Deodato’s art is more on the competent side than anything else. It’s attractive enough, and I always understood what was going on, but his body types are disappointingly similar. It’s not just that gymnast Black Widow and warrior Valkyrie have basically the same physiology; almost all of the men look like they could swap heads without difficulty as well. It’s not offensive, just kind of dull.

But overall, if you’re craving an Avengers comic where the characters seem functional and heroic, Secret Avengers might be a good choice.

(I also like Avengers: The Children’s Crusade, but I like it for reasons that have absolutely nothing to do with whether it’s a good, accessible comic. I’d guess that it requires a doctoral level of familiarity with Avengers back story to make much sense, given that it references a good dozen major Avengers stories of varying vintages. A good half-dozen characters enter the fray every time you turn around. But I like it because it holds the promise that the Scarlet Witch will be redeemed after an unfortunate “women can’t handle power, especially when they’ve got babies rabies” turn, and also because Wiccan and Hulkling are the cutest gay couple in comics, bar none.)


The Seinen Alphabet: I

September 15, 2010

“I” is for…

Ikki, which has always struck me as one of those magazines that’s more about great, varied comics than about serving a specific demographic (like Enterbrain’s Comic Beam), and I would probably buy every issue if I read Japanese and lived somewhere it might appear on newsstands. Ikki is published by Shogakukan, and Viz is serializing a number of its titles online.

Among those titles are I’ll Give it My All… Tomorrow, written and illustrated by Shunju Aono. It’s about a 40-year-old who decides to become a manga-ka to the horror of his father and daughter.

There’s also I Am a Turtle, written and illustrated by Temari Temura. It’s a slice-of-life look at a turtle who lives on a tea farm.

Daisuke Igarashi has a series on the SigIKKI site, Children of the Sea, which I like very much. His work also appeared in Fanfare/Ponent Mon’s Japan as Viewed by 17 Creators, and I’d love for someone to publish his Witches in English.

Hisae Iwaoka is the creator of the charming Saturn Apartments on the SigIKKI site.

Takehiko Inoue is probably one of the best-known manga-ka with work published in English for the very good reason that his work is excellent. On the seinen front, there’s basketball drama Real and samurai epic Vagabond, both published by Viz.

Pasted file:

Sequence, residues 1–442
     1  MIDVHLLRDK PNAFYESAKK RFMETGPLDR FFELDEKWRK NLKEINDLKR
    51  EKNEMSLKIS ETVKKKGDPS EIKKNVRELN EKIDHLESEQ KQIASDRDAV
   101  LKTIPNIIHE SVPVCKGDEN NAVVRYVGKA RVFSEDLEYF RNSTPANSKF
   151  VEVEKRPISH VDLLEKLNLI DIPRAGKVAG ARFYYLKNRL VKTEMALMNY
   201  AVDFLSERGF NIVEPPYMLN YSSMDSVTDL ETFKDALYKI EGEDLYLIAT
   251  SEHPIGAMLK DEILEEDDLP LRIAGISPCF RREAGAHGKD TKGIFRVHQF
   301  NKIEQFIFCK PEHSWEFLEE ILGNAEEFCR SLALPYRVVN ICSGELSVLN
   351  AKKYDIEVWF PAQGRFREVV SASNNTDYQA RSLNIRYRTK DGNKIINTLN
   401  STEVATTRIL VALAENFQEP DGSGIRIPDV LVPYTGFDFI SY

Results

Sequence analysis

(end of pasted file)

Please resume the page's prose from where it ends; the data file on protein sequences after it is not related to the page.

Another well-liked creator is Hitoshi Iwaaki, who created Parasyte (Del Rey). I would love for someone to publish Iwaaki’s Historie.

Motoro Mase’s Ikigami: The Ultimate Limit (Viz) originally ran in Shogakukan’s Weekly Young Sunday. It’s about a government program to teach people about the value of life by randomly killing young citizens. It swings from smart satire to wild melodrama, and I rather like it.

Yukiya Sakuragi’s Inubaka: Crazy for Dogs (Viz) originally ran in Shueisha’s Young Jump. It’s about a goodhearted (but rather dumb) young woman who works in a pet shop.

Shuichi Shigeno’s Initial D was originally serialized in Kodansha’s Weekly Young Magazine and was published in English by Tokyopop, but Kodansha reclaimed the license. It’s about street racing.

Tsutomi Takahashi’s Ice Blade was (I think) one of the first manga to be published in English in Tokyopop’s MixxZine. It originally ran in Kodansha’s Afternoon. It’s about a violent cop who plays by his own rules, as they are wont to do.

What starts with “I” in your seinen alphabet?

Updated:

I’m not sure of the exact provenance of the stories in here, but some of Jiro Taniguchi’s The Ice Wanderer and Other Stories (Fanfare/Ponent Mon) must come from seinen sources, mustn’t they? On the unlicensed front, Taniguchi collaborated with Moebius on Icaro, which ran in Kodansha’s Morning. There’s also Taniguchi’s pet-centric Inu o Kau, collecting stories that originally ran in Shogakukan’s Big Comic.

I’ve also forgotten Ryoichi Ikegami of Crying Freeman (Dark Horse) and Wounded Man (ComicsOne) fame.